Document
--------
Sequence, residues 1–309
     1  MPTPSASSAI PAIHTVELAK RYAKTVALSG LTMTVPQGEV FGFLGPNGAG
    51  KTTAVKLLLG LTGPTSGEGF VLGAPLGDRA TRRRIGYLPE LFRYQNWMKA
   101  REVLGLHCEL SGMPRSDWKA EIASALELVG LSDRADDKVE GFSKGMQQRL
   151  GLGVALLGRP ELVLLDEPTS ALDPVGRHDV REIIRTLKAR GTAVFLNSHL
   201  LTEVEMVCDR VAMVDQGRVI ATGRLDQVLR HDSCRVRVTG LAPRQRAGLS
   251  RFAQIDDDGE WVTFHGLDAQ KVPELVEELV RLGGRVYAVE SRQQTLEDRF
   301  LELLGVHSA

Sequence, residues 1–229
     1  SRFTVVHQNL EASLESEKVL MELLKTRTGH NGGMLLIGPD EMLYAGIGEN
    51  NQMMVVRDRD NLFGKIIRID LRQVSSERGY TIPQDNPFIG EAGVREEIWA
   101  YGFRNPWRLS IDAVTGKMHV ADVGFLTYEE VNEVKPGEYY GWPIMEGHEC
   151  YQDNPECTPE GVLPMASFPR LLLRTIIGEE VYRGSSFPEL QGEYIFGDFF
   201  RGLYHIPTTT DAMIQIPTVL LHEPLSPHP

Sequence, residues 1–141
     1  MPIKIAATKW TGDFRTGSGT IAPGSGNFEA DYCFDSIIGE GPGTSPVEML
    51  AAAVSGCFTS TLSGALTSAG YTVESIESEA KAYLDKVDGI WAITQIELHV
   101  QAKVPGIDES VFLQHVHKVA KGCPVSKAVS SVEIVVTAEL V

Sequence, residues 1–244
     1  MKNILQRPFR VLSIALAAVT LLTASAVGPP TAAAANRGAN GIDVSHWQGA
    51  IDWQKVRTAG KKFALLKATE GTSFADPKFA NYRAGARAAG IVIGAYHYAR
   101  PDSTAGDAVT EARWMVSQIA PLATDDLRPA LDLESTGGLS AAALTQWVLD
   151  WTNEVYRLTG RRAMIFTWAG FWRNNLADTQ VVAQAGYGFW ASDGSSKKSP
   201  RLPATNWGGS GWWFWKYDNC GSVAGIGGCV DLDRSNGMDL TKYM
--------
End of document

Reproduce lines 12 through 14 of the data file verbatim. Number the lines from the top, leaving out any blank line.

   101  YGFRNPWRLS IDAVTGKMHV ADVGFLTYEE VNEVKPGEYY GWPIMEGHEC
   151  YQDNPECTPE GVLPMASFPR LLLRTIIGEE VYRGSSFPEL QGEYIFGDFF
   201  RGLYHIPTTT DAMIQIPTVL LHEPLSPHP